I don't believe Avianca never has had 737's at all...South American should be able to confirm this, but I've practically worn Bogota out with my comings and goings through there to Brazil via Leticia, Co. since the early 60's and I've never seen a 737 in AV's liveries. I'll bet the database had a type O.

AV itself has had: (jets) 707-100/300, 720, 727-200, 757-200, 767-100/200, 747-100,200, MD-80's....did I forget any??

Regards,
amazonphil



If it ain't Boeing, I ain't goeing!
User currently offlineAmazonphil From United States of America, joined Oct 2003, 561 posts, RR: 1
Reply 19, posted (7 years 9 months 1 week 4 days 21 hours ago) and read 2803 times:

[quote=OPNLguy,reply=11]We had five, all originally from MAS as you noted. We ran them as N40AF (line-194), N42AF (line-203), N46AF (line-184), N47AF (line-212), and N48AF (line-217).

They were really special aircraft, in that they had beefed up landing gear and -9 engines, and were capable of some higher takeoff and landing weights than the "stock" 737-130s that LH had. I seem to recall a max takeoff weight of 110,000 lbs., which was 1,000 lbs. better than the larger 737-200 "Basic" aircraft with -7s.


ANother way to tell a 737-100 are the blow in doors on the engines, a similar feature on the 707. For some reason, the doors were not common on a 732 series aircraft engines although I did see it once.

amazonphil



If it ain't Boeing, I ain't goeing!
User currently offlineTimz From United States of America, joined Sep 1999, 6709 posts, RR: 7
Reply 20, posted (7 years 9 months 1 week 4 days 20 hours ago) and read 2730 times:

There were two (?) 737-159s, weren't there-- no typo? Were they built for Avianca but never used by them?

User currently offlineAmazonphil From United States of America, joined Oct 2003, 561 posts, RR: 1
Reply 21, posted (7 years 9 months 1 week 4 days 20 hours ago) and read 2714 times:

Quoting Timz (Reply 20):
There were two (?) 737-159s, weren't there-- no typo? Were they built for Avianca but never used by them?

You could be correct here as this might have been the case....but I never saw anything in AV colors that was a 737 and actually flew. And I would have seen something as much time as I've spent in Colombia.

cheers,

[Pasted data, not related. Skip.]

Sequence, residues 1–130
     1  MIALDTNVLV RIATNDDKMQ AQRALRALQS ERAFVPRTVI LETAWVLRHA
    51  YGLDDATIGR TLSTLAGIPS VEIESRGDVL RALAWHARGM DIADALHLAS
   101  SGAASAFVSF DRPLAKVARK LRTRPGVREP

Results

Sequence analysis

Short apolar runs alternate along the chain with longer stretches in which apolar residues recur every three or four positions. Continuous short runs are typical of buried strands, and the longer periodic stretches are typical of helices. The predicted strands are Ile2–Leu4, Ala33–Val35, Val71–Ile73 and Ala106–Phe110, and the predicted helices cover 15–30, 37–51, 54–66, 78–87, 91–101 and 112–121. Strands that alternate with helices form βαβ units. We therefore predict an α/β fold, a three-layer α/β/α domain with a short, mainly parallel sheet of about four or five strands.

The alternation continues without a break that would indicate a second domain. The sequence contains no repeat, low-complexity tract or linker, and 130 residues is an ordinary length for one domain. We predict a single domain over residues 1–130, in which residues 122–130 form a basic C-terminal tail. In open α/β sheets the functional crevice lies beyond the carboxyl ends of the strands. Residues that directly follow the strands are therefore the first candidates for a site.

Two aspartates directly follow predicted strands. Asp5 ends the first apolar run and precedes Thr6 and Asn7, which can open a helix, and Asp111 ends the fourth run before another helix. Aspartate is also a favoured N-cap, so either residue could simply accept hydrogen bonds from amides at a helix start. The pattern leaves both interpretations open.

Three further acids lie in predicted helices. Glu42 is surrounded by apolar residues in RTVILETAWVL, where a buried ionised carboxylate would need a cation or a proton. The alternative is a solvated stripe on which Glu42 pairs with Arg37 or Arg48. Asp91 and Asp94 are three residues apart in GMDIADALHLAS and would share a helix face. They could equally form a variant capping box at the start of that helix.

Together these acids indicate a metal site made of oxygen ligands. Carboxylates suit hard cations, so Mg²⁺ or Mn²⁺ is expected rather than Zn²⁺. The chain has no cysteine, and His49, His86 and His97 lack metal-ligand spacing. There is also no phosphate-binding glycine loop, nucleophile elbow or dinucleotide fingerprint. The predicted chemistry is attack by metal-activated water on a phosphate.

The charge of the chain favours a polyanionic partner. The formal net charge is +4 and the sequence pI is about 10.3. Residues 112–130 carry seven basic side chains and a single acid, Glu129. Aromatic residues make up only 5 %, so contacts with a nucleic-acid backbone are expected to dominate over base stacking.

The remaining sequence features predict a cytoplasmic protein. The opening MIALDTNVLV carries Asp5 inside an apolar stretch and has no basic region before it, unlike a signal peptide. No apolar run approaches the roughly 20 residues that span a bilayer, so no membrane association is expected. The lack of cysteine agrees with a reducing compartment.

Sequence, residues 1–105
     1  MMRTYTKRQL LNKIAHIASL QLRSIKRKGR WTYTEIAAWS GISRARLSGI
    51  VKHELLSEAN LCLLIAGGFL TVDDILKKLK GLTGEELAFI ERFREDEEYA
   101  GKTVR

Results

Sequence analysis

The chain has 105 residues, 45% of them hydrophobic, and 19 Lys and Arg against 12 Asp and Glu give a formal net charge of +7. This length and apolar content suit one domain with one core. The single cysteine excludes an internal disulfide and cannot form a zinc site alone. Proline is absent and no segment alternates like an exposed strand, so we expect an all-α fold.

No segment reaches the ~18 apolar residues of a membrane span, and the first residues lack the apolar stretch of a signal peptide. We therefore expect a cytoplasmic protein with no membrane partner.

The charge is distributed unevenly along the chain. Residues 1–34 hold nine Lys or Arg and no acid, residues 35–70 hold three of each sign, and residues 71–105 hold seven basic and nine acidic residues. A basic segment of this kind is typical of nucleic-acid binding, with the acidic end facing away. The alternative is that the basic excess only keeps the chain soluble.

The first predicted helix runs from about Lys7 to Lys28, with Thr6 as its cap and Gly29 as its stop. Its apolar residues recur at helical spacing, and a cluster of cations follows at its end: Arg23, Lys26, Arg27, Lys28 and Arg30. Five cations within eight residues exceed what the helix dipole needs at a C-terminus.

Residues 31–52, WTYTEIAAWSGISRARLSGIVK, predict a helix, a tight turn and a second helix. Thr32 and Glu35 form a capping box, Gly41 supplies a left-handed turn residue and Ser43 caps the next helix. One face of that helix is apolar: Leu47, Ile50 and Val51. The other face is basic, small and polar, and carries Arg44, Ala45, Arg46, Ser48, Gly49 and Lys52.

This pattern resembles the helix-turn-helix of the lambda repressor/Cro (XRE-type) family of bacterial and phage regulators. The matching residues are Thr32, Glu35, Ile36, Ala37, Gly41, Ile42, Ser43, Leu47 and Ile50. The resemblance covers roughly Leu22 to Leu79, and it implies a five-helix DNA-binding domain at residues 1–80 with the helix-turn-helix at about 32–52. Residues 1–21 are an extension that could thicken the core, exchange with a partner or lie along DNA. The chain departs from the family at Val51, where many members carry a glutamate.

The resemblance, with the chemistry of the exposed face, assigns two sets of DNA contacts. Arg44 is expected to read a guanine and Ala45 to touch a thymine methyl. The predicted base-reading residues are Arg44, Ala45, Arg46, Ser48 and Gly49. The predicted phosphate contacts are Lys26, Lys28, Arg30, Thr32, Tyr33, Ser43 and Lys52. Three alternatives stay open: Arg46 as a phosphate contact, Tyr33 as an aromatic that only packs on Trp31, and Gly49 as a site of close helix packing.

amazonphil



If it ain't Boeing, I ain't goeing!
User currently offlineOPNLguy From , joined Dec 1969, posts, RR:
Reply 22, posted (7 years 9 months 1 week 4 days 20 hours ago) and read 2709 times:

Quoting Amazonphil (Reply 19):
ANother way to tell a 737-100 are the blow in doors on the engines, a similar feature on the 707. For some reason, the doors were not common on a 732 series aircraft engines although I did see it once.

The 737-200 "Basic" had the sucker doors as well, but they disappeared with the advent of the 737-200 "Advanced" (ADV) version off the production line.


User currently offlineAmazonphil From United States of America, joined Oct 2003, 561 posts, RR: 1
Reply 23, posted (7 years 9 months 1 week 4 days 20 hours ago) and read 2689 times:

Quoting OPNLguy (Reply 22):
The 737-200 "Basic" had the sucker doors as well, but they disappeared with the advent of the 737-200 "Advanced" (ADV) version off the production line.

I see....having grew up in Brazil, I didn't have a chance to see the basic 732, all the carriers that used 732's there....Cruzeiro do Sul, Varig(at that time when they were separate..they later joined) and Vasp were all the Advanced 732's so I never noticed sucker doors.

Thanks!

amazonphil



If it ain't Boeing, I ain't goeing!
User currently offlineThering From Brazil, joined Jun 2006, 530 posts, RR: 0
Reply 24, posted (7 years 9 months 1 week 4 days 20 hours ago) and read 2669 times:

Quoting OPNLguy (Reply 3):
They only made 25 or 30 of the -100 series and I thought they all went to LH. I think it more likely that you were on a 737-200 Basic, as I think UA was the launch customer for those...

CO had 737-100 also.



146 319 320 321 332 722 732 733 734 735 73G 738 742 743 744 762 763 772 773 CRJ ER4 100 F50 F27 M11 D10
25 Thecheese : Hmm... I saw a pair of photos of Avianca 731s in the database, but I can't find them now. Both were taken at BFI, pre-delivery, though.
26 Amazonphil : One of the posts above by somebody, mentioned that...they were inhertied by CO from PE(which originally came from LH) when they were merged. amazonph
27 Post contains links and images AeroWesty : One of the elusive 737-159's in Avianca colors. No idea if AV actually took delivery or not, this photo says it was taken in Nov 68 at Boeing Field,
28 OPNLguy : The original three 737-200s that SWA started with back in 1971 were all of the "basic" variety, but were cycled out of the fleet within a few years a
29 Amazonphil : WOW! Thanks AeroWesty. It sure looks strange in AV's old livery. During this livery's life, all the planes were DC-6's and DC-3's and the first 727-1
30 EWRCabincrew : Correct me if I am wrong. Isn't a tell tale sign of a 737-100 the lack of any door handle (from the outside) or door window on the 2L door. At least w
31 57AZ : Not always. 737-200Cs also had the rear airstair and I think the same may be true of the new 737 Combis too.
32 EWRCabincrew : Correct. I meant to get across was that all 737-100s had the aft airstairs at 2L, if I am not mistaken. All our 737-100s had them.
33 YOW : So overall, how many factory-fresh 737-100s were actually built? I've always thought it was 30. How many of these didn't go to LH?
34 Post contains links OPNLguy : From the 737.org.uk page... "Just 30 series 100's were built, with 22 going to Lufthansa, 5 for Malaysia Airlines and 2 for Avianca." That totals 29,
35 LPLAspotter : Wow, all I wanted to know is if I flew a 100 series and I got more information on this type that I could ever find in a book. This website is great (n
36 AirCop : During a period in the 70's United contracted with the first Frontier to fly a CV580 over this routing.